Use this kind of scissors when cleaning dog ears and trimming delicate areas–especially if your dog is prone to move quickly or become startled or afraid when being groomed. I prefer to use blunt ended scissors for any trimming that I do. I just am more comfortable using blunt tipped scissors, knowing that I won’t poke Skipper by accident.
Cotton pads (not cotton balls) or Dog Ear Wipes
Ear wipes are convenient for cleaning dog ears and they do remove wax from outer ear areas. Keep a container of these in your truck for quick ear cleaning after playing at the dog park or a romp in the woods.
This particular ear wash has tea tree oil. It helps to remove ear wax and dirt, and it’s a great dog ear care product to use after your Bichon Frise has been swimming.
Since Bichons do tend to have ear mites, infections, etc., you would be wise to have this kind of product on hand. Using it will save you a trip (and the expense) of going to the vet.
Make sure you have a towel handy, so you can catch any spills or messes.
You should not use Q-tips, alcohol, or hydrogen peroxide when cleaning your dog’s ears. Q-tips can damage your dog’s ear drum, and alcohol can dry out the inner ear too much. Hydrogen peroxide damages the sensitive tissue inside your dog’s ears. Over time, hydrogen peroxide can actually damage the ear itself.
How to Clean Dog Ears – the Outside
Hold your dog’s ear up with one hand. With the other hand, gently wipe away any dirt and wax under the ear flap. You can use a cotton pad dampened with dog ear cleaning solution to do this.
You will see lots of nooks and crannies in your dog’s ears. Gently wipe them clean, making sure that you don’t push dirt further into the ear. Keep cleaning these areas until you don’t see any more dirt or wax on a clean cotton pad.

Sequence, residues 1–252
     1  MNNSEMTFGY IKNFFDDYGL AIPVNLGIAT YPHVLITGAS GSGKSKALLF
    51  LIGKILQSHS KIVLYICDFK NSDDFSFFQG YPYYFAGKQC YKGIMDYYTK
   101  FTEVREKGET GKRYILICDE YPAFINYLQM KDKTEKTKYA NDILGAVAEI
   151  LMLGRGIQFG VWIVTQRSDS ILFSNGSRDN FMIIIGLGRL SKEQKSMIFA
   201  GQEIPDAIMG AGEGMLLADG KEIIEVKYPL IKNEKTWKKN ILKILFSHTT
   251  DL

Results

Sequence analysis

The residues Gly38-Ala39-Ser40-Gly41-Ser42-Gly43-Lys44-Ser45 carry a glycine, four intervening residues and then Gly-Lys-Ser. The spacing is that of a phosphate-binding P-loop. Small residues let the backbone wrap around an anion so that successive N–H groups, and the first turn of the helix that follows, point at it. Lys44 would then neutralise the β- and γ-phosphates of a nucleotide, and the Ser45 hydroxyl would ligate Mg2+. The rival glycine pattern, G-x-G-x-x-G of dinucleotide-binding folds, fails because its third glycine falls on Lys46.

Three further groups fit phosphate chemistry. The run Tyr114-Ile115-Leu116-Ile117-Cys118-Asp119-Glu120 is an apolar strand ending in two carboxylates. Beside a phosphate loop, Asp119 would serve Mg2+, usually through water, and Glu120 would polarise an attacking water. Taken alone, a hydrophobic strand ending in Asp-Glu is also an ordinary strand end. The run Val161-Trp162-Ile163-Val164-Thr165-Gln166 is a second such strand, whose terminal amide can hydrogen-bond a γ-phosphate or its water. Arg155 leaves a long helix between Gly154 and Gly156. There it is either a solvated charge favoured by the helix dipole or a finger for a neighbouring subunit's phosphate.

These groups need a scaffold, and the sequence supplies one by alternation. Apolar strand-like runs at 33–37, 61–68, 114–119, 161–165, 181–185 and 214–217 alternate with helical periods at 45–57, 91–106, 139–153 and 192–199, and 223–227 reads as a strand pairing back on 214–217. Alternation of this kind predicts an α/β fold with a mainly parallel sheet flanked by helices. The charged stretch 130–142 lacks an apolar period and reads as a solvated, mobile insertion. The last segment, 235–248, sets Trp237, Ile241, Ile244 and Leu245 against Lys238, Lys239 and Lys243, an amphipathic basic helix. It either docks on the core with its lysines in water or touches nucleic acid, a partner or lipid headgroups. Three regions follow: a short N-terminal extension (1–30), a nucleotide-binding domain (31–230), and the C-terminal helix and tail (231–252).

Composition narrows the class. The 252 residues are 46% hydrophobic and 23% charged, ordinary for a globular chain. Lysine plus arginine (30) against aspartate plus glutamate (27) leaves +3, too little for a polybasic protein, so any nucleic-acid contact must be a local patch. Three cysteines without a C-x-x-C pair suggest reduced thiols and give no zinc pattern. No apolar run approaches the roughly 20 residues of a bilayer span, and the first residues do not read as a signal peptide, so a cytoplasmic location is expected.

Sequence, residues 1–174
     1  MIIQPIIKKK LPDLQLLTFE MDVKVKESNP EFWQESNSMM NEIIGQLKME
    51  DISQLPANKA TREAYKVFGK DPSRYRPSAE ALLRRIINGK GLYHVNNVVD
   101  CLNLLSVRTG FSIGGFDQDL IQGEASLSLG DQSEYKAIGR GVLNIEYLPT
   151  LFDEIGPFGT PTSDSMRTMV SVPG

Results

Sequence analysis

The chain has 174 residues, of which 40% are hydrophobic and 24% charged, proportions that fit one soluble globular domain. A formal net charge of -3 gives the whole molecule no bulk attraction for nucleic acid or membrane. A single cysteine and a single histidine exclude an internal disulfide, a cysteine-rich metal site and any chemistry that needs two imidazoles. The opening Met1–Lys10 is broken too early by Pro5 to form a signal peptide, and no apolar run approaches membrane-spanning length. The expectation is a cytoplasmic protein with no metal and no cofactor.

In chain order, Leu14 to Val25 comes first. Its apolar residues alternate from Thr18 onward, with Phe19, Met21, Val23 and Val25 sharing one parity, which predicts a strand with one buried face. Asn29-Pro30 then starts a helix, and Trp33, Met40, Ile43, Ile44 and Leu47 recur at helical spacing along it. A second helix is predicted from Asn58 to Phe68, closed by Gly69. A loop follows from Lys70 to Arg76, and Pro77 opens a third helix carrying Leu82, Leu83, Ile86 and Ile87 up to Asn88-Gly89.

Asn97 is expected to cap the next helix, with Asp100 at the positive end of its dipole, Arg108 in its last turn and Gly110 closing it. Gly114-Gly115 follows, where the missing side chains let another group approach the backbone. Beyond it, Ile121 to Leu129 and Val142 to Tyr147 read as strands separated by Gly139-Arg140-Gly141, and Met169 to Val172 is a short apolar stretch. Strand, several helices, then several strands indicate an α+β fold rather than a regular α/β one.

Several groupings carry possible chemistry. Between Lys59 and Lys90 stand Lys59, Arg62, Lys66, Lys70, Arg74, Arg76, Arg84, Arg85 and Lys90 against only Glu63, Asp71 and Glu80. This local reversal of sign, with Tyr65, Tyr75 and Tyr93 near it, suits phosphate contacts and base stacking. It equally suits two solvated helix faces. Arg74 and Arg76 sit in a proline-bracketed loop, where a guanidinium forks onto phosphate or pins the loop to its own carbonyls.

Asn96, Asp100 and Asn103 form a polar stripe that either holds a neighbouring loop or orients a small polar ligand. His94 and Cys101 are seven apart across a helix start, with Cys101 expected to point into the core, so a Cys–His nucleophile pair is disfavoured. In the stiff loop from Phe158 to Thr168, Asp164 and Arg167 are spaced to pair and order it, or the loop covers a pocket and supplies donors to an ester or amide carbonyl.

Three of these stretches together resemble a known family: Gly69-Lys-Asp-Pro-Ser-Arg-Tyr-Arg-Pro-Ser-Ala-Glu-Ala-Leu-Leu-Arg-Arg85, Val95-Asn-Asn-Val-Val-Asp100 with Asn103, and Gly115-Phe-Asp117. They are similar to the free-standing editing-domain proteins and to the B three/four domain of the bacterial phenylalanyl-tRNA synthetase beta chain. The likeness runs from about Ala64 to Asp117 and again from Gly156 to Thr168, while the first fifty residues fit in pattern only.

If there is hair in your dog’s ears, remove these hairs with tweezers, one or two at a time. Removing more hairs at a time can be really painful! Dog Ear Powder makes this easier, as it makes the hair easier to grip.
Cleaning the Inside of your Dog’s Ears
Now you have to clean the parts of your dog’s ears that you don’t see. You are NOT going to put any objects into your dog’s ears, as they could damage her ears.
- Gently squirt some of the ear cleaning solution into your dog’s ears. Be careful to squeeze gently and keep the tip of the bottle, in the outer portion of the ear. Your dog’s ear drums are delicate, and you want to be sure that you don’t damage them.
- Now massage your dog’s ears, right below the ears (on the outside), where they attach to your dog’s head. This will help the solution reach the inner ear before your dog shakes her head and shakes it all out.
- Let your dog shake away. You’ll probably need the towel for this part. You’ll need to wipe down your dog’s face and protect yourself from spray.
- The ear wash solution will bring wax and debris up to the outer ears, where you can wipe them clean with cotton pads.
That’s all there is to cleaning dog ears! If you do this routinely, your dog’s ears will be cleaner and healthier—and you’ll have fewer trips to the vet.